image processing and recognition of face photographs from missing
CPq / FMUS P
IMAGE PROCESSING AND RECOGNITION OF
FACE PHOTOGRAPHS FROM MISSING
CHILDREN AND TEENAGERS
V., 2Fígaro-Garcia, C., 2Gattás, G.J.F., 1Thomaz, C.E.
Laboratório de Processamento de Imagens, Departamento de Engenharia Elétrica, Centro Universitário da FEI
Laboratório de Imuno-Hematologia e Hematologia Forense (LIM-40), Departamento de Medicina Legal, Ética Médica e Medicina Social e do Trabalho, FMUSP
Owing to the recent academic, technological and industrial advances, biometric information such as face images
can be used successfully to select and possibly identify some children and teenagers that have been missing, by
screening automatically some databases maintained by the Brazilian Civil Policy or some public data resources
available on the Internet. However, when the missing cases exceed years, some photos may either become
useless, because of the several natural biometric changes that tend to occur particularly on children and
teenagers faces, or may have significant reduction on their signal to noise ratio, making the person identification
even harder. Moreover, face images of the same subject may vary depending on the illumination, profile
position, changes in facial expression and other artefacts. This work proposes and implements a step-by-step
image processing tool to spatially normalize and recognize frontal face images captured under distinct acquisition
protocols. Using statistical techniques, the computational framework reduces the original dimensionality of the
face images, improving the computational time of the recognition process, and selects given a set of prenormalized face images the most similar ones based on probabilistic pixel maps and minimum Euclidean
distances. Our preliminary experimental results show that our approach might provide a suitable computational
framework for normalizing and recognizing face images of missing kids in practice, highlighting the main facial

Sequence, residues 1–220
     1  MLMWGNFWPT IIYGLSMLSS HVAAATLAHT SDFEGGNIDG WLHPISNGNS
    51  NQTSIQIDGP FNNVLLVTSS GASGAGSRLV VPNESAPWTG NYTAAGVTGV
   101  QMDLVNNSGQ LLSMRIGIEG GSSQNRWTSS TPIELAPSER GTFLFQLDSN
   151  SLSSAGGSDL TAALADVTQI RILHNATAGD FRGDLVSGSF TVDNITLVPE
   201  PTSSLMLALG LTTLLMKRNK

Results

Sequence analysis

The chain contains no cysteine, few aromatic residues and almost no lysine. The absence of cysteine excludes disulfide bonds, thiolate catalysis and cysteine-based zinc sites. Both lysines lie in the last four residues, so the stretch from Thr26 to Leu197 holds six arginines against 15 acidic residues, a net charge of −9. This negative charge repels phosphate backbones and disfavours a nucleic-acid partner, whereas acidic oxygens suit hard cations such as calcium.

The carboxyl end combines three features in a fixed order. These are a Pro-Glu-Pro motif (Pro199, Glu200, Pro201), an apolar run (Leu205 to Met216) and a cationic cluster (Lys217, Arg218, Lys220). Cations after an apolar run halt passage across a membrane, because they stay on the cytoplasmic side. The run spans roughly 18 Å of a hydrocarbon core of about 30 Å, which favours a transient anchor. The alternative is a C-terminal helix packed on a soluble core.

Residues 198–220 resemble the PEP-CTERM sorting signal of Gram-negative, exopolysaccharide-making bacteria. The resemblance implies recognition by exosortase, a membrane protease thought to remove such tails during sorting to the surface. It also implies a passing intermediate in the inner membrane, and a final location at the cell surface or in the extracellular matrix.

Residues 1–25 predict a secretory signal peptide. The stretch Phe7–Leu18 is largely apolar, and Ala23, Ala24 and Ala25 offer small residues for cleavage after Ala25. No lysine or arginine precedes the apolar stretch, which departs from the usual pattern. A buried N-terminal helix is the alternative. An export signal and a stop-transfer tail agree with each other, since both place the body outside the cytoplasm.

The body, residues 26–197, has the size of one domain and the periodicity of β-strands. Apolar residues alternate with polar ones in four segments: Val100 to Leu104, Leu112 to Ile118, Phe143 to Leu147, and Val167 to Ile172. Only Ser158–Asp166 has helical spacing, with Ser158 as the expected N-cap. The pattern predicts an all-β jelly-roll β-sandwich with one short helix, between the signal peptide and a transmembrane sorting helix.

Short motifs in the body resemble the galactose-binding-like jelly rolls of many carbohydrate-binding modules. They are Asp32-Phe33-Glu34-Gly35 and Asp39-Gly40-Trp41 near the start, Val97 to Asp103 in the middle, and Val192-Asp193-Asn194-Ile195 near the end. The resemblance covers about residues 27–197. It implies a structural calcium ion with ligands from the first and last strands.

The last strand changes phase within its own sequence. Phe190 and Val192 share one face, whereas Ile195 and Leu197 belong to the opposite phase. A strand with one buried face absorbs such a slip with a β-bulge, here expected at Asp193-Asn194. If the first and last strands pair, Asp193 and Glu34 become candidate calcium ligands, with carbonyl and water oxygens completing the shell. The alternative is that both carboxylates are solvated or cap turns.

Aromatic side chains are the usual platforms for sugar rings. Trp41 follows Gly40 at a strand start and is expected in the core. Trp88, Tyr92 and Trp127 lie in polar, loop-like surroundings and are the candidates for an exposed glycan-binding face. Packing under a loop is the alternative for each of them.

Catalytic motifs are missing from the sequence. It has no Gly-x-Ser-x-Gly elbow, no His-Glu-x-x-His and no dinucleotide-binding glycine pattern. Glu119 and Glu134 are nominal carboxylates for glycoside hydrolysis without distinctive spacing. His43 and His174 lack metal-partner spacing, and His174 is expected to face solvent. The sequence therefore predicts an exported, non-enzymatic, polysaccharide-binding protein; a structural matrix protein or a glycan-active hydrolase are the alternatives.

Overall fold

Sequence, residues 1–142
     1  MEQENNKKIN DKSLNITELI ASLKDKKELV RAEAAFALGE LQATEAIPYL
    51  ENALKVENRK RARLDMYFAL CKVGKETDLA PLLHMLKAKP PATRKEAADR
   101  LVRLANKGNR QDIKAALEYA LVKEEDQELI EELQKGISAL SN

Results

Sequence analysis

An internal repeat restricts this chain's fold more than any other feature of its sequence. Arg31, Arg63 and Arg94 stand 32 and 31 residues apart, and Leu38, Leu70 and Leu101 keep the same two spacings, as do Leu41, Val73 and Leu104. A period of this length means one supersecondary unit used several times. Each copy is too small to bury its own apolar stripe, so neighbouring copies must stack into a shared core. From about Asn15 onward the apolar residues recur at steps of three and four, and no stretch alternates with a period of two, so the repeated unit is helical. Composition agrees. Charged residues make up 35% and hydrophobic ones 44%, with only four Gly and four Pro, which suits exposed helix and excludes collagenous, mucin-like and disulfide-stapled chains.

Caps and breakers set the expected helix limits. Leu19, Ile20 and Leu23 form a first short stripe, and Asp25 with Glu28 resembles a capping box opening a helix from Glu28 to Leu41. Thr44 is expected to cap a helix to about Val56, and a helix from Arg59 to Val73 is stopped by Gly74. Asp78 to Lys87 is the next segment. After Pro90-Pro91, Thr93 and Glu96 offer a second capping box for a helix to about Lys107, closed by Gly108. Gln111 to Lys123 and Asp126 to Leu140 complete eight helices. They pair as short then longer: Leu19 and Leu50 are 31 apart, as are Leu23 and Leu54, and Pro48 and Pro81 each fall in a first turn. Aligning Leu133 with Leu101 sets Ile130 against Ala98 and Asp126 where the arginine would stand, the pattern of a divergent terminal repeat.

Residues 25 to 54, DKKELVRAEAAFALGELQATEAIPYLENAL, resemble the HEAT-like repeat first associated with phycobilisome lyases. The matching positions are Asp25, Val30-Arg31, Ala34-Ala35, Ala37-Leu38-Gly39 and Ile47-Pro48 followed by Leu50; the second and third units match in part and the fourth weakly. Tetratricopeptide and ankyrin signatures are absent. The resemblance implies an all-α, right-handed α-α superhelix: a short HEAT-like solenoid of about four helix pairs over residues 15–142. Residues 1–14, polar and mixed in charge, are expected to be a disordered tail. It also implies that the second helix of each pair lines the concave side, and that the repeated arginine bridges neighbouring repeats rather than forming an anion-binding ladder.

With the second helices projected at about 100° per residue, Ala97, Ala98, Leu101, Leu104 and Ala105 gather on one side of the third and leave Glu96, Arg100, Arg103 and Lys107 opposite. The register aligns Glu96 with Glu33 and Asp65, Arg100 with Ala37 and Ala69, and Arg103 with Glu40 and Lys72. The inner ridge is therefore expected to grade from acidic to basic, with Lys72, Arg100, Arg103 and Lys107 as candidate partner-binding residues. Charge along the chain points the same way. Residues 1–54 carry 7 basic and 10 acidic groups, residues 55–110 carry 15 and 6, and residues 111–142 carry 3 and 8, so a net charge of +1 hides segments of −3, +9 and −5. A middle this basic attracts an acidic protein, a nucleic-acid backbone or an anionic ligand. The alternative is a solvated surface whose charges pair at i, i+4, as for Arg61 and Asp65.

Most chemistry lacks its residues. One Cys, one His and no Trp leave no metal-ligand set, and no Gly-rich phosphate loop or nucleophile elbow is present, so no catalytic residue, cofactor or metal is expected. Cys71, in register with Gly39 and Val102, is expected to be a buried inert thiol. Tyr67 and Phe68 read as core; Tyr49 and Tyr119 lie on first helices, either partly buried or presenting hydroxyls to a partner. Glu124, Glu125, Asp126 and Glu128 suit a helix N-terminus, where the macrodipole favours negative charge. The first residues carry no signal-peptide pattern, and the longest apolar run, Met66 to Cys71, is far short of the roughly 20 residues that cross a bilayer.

discriminant features used in the recognition process while reducing significantly the inherent artefacts of face
photographs captured especially in non-controlled environments.
the effectiveness of this pre-processing task for further recognition. In Figure 4, we
illustrate our recognition process based on the probabilistic pixel maps of the most similar
controlled frontal face images stored in the FEI face database.
Face recognition is a trivial task for humans with significant relevance in our interpersonal
relationships . However, this pattern recognition problem is a complex task to automatic
digital systems in general and, therefore, has attracted the attention of several research
groups around the world due to its importance and scope. In this work, we implement a
step-by-step automatic face recognition tool and investigate its applicability on identifying
missing children and adults by using frontal face images acquired under distinct acquisition
The methodology consists essentially of 4 main processes: acquisition, pre-processing,
classification and post-processing, as shown on Figure 1. Figure 2 illustrates in detail the
normalization step, inherent to the pre-processing process, when using controlled and noncontrolled face samples .
Figure 3: Mean images of non-controlled face images: (a) before and (b) after our spatial
Figure 4: Recognition process of a test sample (a) based on the 5 most similar frontal face
images (b, top) and the corresponding probabilistic pixel maps (b, bottom).
Figure 2: Pre-processing step: Spatial
normalization of controlled and noncontrolled frontal face samples.
Figure 1: A basic face recognition system.
Our experiments are preliminary but show promising results of our pattern recognition
approach on normalizing and recognizing frontal face images of missing kids in practice,
especially because these images have often been acquired under non-controlled
We have carried out a number of experiments using frontal face images acquired under
distinct acquisition protocols. All the controlled samples are from the FEI face database
and the non-controlled ones are from missing children and teenagers available on the
 R. O. Duda, P. E. Hart, and D. G. Stork. Pattern Classification. Wiley-Interscience, 2
Figure 3 shows the mean images of all the non-controlled samples of missing children and
teenagers used before and after our spatial normalization algorithm. We can see clearly
 V. Amaral, C. Figaro-Garcia, G. J. F. Gattás, and C. E. Thomaz. Normalização espacial
de imagens frontais de face em ambientes controlados e não-controlados. FaSCi-Tech,
1(1), 10 2009.
4º Simpósio “AVANÇOS EM PESQUISAS MÉDICAS”